Players such as Ben Roethlisberger and Jack Lambert rose quickly because of injuries to the incumbents. Maurkice Pouncey got in the starting lineup more quickly than Mike Webster or Dermontti Dawson, two Hall of Famers, because of the quality of the player he replaced.

Would Le’Veon Bell had gotten as many touches his first season if Rashard Mendenhall had still been on the roster? It would seem, in fact, that Pittsburgh’s niche may very well be to focus on players who need a season or two to get fully up to speed. Being consistently good provides the kind of stability and job security that would allow for that type of strategy.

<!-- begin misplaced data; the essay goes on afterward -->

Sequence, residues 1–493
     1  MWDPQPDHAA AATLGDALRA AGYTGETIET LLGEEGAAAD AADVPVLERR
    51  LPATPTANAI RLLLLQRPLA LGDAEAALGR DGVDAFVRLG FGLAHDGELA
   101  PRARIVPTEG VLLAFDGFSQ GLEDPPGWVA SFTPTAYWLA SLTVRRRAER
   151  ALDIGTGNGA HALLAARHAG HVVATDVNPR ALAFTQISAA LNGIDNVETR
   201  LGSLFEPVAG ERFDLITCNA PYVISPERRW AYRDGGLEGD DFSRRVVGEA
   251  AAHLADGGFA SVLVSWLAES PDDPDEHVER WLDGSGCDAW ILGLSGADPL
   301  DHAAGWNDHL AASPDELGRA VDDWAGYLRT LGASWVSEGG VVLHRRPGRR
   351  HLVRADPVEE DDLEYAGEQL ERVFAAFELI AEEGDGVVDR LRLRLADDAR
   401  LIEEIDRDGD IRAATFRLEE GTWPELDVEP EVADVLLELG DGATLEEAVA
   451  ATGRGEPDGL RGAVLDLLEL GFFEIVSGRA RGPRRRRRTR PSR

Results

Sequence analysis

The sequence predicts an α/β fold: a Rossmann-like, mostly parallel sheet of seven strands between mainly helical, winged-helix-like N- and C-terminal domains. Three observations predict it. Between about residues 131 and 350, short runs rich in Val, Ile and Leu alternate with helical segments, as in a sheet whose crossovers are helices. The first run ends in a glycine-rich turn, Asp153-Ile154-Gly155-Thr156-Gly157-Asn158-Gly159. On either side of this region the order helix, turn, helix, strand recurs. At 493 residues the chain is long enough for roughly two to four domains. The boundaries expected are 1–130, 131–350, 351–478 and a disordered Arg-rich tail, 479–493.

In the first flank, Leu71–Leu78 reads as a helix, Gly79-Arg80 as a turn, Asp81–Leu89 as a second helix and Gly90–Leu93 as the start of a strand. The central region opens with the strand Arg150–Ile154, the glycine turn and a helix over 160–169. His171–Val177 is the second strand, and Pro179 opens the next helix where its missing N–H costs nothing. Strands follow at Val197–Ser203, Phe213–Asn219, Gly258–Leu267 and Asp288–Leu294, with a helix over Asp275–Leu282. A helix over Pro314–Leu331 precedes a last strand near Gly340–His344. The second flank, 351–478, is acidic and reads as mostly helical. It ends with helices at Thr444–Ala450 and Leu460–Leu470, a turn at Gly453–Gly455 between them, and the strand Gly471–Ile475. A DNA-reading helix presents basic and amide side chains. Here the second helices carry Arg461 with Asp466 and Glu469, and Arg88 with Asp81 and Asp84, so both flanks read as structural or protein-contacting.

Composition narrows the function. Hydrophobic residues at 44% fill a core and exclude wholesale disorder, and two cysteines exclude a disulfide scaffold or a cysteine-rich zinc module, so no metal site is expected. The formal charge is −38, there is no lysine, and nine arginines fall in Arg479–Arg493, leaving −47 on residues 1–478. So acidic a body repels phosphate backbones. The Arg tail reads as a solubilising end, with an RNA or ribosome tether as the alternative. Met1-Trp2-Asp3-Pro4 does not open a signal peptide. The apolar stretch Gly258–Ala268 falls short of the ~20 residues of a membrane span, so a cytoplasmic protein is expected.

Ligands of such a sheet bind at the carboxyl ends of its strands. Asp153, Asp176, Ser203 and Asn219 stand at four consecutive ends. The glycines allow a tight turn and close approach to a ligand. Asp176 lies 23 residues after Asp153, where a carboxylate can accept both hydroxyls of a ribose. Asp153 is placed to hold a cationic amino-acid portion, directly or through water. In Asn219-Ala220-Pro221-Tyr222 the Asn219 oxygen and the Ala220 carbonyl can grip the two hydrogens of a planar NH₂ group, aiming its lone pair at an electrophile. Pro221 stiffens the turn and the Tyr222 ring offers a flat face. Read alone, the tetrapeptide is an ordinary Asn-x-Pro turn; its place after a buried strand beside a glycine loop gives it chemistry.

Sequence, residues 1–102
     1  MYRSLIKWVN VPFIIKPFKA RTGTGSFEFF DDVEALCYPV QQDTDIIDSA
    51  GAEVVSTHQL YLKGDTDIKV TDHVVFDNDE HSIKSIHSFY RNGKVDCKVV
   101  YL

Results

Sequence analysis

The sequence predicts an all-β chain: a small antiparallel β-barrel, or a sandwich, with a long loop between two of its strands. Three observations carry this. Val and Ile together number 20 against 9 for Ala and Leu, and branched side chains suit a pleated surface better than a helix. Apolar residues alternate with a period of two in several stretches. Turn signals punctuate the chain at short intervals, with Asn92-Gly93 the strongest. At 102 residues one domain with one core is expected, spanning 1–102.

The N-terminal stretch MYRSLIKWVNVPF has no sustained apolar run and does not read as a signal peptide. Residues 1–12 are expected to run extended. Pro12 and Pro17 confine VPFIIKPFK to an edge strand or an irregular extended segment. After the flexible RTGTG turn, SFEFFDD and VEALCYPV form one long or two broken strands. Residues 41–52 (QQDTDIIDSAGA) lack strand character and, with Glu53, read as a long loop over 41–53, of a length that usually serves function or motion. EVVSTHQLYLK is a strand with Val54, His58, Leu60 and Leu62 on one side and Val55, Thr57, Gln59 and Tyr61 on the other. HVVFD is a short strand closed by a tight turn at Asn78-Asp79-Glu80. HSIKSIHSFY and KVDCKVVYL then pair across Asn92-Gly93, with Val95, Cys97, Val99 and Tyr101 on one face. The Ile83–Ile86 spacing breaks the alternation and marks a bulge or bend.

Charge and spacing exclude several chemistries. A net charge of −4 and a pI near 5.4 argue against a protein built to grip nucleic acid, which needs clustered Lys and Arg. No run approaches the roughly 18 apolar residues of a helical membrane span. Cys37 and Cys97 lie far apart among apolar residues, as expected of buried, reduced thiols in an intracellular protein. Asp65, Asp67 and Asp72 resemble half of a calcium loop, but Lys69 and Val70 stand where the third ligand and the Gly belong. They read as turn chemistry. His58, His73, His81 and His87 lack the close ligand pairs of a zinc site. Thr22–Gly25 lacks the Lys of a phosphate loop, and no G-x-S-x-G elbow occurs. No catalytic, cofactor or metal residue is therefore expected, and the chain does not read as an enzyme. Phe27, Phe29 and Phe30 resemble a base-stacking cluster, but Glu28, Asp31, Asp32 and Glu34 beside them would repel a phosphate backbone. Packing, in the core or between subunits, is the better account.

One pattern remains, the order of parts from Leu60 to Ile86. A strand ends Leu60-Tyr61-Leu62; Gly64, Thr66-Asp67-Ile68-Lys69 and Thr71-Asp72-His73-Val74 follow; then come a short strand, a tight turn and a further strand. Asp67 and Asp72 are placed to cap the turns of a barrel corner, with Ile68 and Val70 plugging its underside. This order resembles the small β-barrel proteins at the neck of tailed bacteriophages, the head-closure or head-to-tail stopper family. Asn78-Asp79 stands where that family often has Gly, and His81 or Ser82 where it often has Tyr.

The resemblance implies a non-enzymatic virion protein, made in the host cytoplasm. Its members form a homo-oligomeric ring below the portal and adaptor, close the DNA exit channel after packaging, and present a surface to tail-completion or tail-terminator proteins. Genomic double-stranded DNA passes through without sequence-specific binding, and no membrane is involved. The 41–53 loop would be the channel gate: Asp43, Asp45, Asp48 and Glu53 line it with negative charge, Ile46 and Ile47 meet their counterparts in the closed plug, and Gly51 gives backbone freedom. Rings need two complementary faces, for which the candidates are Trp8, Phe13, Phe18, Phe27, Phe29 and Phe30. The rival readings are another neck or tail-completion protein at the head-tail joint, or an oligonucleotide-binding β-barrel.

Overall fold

However, someone needs to clue in certain factions of the Steeler fan base. Timmons, Heyward, Kelvin Beachum, Pouncey, William Gay, Cortez Allen, Vince Williams and Mike Adams have all been declared busts in their time. James Harrison, Ben Roethlisberger and Sean Spence have been declared finished. And the vultures are circling around Jarvis Jones, Shamarko Thomas, Ryan Shazier, Dri Archer and (My God!) Senquez Golson.

The full impact of a draft probably can’t be known for years. Some want to bring in the jury in a matter of months. Imagine if all the players who have been judged busts had been cut based upon fan sentiment?

13 comments

Leave a Reply

Fill in your details below or click an icon to log in:

WordPress.com Logo

You are commenting using your WordPress.com account. Log Out / Change )

Twitter picture

You are commenting using your Twitter account. Log Out / Change )

Facebook photo

You are commenting using your Facebook account. Log Out / Change )

Google+ photo

You are commenting using your Google+ account. Log Out / Change )

Connecting to %s